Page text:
Education Advisers conduct educational research and develop course curricula and associated teaching materials for use by educational institutions.

Specialisations: Curriculum Advisory Teacher, Education Officer, Home-School Liaison Officer, Preschool Adviser.

You usually need a bachelor or postgraduate degree in education to work as an Education Adviser. Training may also be available through VET (Vocational Education and Training).

Tasks

  • Consults with teachers, principals and administrative officials of educational institutions to co-ordinate educational programmes and provide advice.
  • Identifies and evaluates developments in education by conducting research into educational systems.
  • Serves on committees to identify present and future needs within the educational system, and plan, develop and modify facilities and programmes.
  • Documents subjects and courses developed, and evaluates new courses.
  • Organises and conducts workshops and conferences to train teachers in new programmes and methods.
  • Applies knowledge of learning processes and school structures to develop operational and training programmes, and submit them for decision and funding.

More about Education Advisers and Reviewers

All Education Advisers and Reviewers

  • $2,020 Weekly Pay
  • Very strong Future Growth
  • Higher Unemployment Unemployment

Education Advisers

  • 8,800 workers Employment Size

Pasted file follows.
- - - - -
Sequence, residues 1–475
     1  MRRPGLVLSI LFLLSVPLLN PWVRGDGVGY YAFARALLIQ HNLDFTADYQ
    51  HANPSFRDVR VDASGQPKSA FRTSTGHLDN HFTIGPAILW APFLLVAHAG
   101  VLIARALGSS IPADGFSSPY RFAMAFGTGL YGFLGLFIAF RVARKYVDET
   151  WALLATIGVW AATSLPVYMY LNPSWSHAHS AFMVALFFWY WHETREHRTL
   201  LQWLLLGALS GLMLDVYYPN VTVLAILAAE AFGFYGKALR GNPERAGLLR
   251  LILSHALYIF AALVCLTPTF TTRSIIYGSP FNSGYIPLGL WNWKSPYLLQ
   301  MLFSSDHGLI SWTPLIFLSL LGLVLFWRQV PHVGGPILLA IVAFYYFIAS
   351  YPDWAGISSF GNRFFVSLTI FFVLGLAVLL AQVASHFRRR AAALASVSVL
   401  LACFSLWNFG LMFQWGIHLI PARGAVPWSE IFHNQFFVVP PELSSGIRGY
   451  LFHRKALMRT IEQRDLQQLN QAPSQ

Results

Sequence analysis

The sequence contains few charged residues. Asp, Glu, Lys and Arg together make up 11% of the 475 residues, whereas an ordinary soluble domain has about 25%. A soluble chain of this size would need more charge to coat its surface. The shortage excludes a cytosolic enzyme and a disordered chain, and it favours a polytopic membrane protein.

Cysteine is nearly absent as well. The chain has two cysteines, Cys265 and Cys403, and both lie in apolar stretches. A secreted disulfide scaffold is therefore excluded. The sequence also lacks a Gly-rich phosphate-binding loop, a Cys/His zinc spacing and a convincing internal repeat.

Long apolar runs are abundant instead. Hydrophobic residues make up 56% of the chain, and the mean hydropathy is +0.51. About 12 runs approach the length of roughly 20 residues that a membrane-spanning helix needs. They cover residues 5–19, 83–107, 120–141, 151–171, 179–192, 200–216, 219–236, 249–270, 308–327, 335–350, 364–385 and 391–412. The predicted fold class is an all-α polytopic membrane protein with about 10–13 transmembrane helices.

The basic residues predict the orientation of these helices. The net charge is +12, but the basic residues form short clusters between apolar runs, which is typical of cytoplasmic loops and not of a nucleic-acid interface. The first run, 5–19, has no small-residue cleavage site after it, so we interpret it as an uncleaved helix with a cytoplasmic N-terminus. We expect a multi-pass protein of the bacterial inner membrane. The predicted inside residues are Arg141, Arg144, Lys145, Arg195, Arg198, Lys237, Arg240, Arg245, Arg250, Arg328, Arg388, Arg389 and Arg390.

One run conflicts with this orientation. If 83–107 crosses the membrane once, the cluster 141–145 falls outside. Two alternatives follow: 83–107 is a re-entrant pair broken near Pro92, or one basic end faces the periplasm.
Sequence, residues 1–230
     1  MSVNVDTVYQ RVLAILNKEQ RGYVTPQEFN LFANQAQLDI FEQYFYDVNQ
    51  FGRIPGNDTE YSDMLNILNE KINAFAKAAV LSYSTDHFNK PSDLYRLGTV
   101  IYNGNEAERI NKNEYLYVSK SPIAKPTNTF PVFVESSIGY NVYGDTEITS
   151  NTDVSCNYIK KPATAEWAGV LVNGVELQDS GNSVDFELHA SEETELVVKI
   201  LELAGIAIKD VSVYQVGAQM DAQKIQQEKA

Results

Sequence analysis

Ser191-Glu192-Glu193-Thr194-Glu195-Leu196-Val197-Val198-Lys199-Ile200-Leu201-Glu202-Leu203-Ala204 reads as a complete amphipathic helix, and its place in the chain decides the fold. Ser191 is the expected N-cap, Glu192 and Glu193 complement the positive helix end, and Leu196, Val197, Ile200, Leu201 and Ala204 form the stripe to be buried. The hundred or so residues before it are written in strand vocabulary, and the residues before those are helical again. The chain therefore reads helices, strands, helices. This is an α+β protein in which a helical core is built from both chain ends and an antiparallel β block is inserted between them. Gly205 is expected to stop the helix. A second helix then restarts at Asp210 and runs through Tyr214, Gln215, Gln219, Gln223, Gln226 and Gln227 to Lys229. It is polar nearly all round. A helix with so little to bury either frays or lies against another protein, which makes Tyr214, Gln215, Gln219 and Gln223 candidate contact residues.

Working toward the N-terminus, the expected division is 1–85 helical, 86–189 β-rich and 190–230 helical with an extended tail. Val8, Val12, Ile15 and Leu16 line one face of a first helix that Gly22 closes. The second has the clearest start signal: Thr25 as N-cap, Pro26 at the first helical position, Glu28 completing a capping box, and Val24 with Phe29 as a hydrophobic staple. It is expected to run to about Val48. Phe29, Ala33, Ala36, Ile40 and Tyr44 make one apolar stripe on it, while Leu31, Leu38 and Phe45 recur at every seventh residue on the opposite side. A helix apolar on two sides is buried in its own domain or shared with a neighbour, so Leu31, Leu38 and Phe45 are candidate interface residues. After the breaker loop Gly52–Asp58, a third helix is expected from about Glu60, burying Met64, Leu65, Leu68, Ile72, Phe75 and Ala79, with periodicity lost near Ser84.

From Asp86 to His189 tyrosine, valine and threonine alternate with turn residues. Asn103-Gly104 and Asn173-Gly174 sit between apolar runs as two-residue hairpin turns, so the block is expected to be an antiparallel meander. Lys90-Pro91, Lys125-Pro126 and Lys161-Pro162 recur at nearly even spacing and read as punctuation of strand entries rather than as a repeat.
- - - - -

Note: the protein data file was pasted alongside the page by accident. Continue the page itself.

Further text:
• Very high skill Skill level rating
  • 67% Full-Time Full-Time Share
  • 43 hours Average full-time
  • 45 years Average age
  • 72% female Gender Share

The number of people working as Education Advisers (in their main job) grew strongly over 5 years:
from 8,100 in 2011 to 8,800 in 2016.

  • Size: This is a small occupation.
  • Location: Education Advisers work in many regions of Australia.
  • Industries: Most work in Education and Training; Health Care and Social Assistance; and Public Administration and Safety.
  • Full-time: Many work full-time (67%, similar to the average of 66%).
  • Hours: Full-time workers spend around 43 hours per week at work (compared to the average of 44 hours).
  • Age: The average age is 45 years (compared to the average of 40 years). Many workers are 45 years or older (52%).
  • Gender: 72% of workers are female (compared to the average of 48%).

Employment Outlook

Number of Workers

No data is available for the selected graph for this Occupation.

Weekly Earnings

Weekly Earnings (Before Tax)

No data is available for the selected graph for this Occupation.

Main Industries

Main Employing Industries (% Share)

Source: Based on ABS Census 2016, Customised Report. Industries are based on the Australian and New Zealand Standard Industrial Classification (ANZSIC 06).
Main Employing IndustriesIndustry (% share)
Education and Training79.9
Health Care and Social Assistance3.3
Public Administration and Safety2.8
Administrative and Support Services2.0
Other Industries12.0

States and Territories

  • NSW

  • VIC

  • QLD

  • SA

  • TAS

  • NT

  • ACT

Employment by State and Territory (% Share)

Source: Based on ABS Census 2016, Customised Report. Share of workers across Australian States and Territories, in this job compared to the all jobs average.
StateEducation AdvisersAll Jobs Average
NSW28.631.6
VIC28.725.6
QLD19.820.0
SA8.07.0
WA9.010.8
TAS1.82.0
NT1.61.0
ACT2.51.9

Age Profile

Age Profile (% Share)

Source: Based on ABS Census 2016, Customised Report. Age profile of workers in this job compared to the all jobs average.
Age BracketEducation AdvisersAll Jobs AverageAll Jobs Average
15-190.5-5.05.0
20-243.4-9.39.3
25-3419.6-22.922.9
35-4424.4-22.022.0
45-5424.5-21.621.6
55-5911.8-9.09.0
60-649.1-6.06.0
65 and Over6.7-4.24.2

Education Level

Highest Level of Education (% Share)